Eurostar, the high-speed train service between the UK and the Continent, is saying goodbye to Waterloo International after exactly 13 years of operations.Overnight, Eurostar will move to a new London home at the restored St Pancras International, where services will resume Wednesday 14 November at 11.01am.
Richard Brown, Chief Executive of Eurostar, said: “We are celebrating 13 momentous years since the birth of Eurostar, and I want to thank all those who have supported us, travelled with us and worked alongside us. We are hugely proud to have developed into the world’s leading international train operator, and pleased that the millions of travellers that we have brought through our terminal have also helped in the local regeneration of the Waterloo and South Bank areas.”
While the final hours of preparation for Eurostar’s 15-hour overnight move to St Pancras International get underway, today’s celebrations, entitled ‘Waterloo Sunset’ in honour of the song by The Kinks, will see live music, and local dance and theatre groups performing on Waterloo International’s departures concourse.
The drivers of Eurostar’s first ever service from Waterloo International in 1994, Bob Priston, and of Eurostar’s fastest ever train, Alan Pears - who set the UK speed record of 208mph (334.7km/h) in July 2003 - will be joining frequent travellers, well-wishers and Eurostar staff to wave off the last trains.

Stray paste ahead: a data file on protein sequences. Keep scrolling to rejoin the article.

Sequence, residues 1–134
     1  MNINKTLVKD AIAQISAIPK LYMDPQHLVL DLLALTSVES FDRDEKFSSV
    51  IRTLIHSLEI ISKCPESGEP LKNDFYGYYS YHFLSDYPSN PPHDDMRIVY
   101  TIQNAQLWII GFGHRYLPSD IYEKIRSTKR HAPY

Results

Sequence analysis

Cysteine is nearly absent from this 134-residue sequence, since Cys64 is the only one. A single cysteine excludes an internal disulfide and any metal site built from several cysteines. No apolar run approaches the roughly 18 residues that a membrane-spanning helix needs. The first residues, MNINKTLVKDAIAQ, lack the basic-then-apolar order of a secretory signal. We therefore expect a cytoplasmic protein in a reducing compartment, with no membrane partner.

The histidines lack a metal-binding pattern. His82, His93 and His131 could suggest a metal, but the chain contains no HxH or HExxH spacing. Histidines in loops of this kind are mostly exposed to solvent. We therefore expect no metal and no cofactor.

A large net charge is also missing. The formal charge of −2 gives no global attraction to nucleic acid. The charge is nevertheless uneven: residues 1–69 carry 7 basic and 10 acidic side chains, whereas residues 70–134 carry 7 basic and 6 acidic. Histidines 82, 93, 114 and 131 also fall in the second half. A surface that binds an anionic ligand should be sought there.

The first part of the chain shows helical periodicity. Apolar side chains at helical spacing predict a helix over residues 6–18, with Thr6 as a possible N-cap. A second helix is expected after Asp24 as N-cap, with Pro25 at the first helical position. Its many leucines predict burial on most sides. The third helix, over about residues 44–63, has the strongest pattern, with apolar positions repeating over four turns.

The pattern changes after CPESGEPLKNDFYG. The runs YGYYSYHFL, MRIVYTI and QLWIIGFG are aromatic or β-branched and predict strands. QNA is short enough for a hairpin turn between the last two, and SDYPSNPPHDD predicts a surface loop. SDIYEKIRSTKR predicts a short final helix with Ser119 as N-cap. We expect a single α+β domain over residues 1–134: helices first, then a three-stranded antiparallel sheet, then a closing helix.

The last train to Paris is scheduled to leave at 18.09, while the last train to Brussels is scheduled to depart at 18.12. The final arrival from Brussels is due at 19.28 and from Paris at 19.58.
Eurostar launched international rail services from Waterloo International on 14 November 1994. Since then it has carried over 81 million passengers on more than 230,000 thousand trains. The service began with two trains a day between London and Paris, and London and Brussels. Today Eurostar operates up to 17 daily services to Paris and up to 10 daily services to Brussels.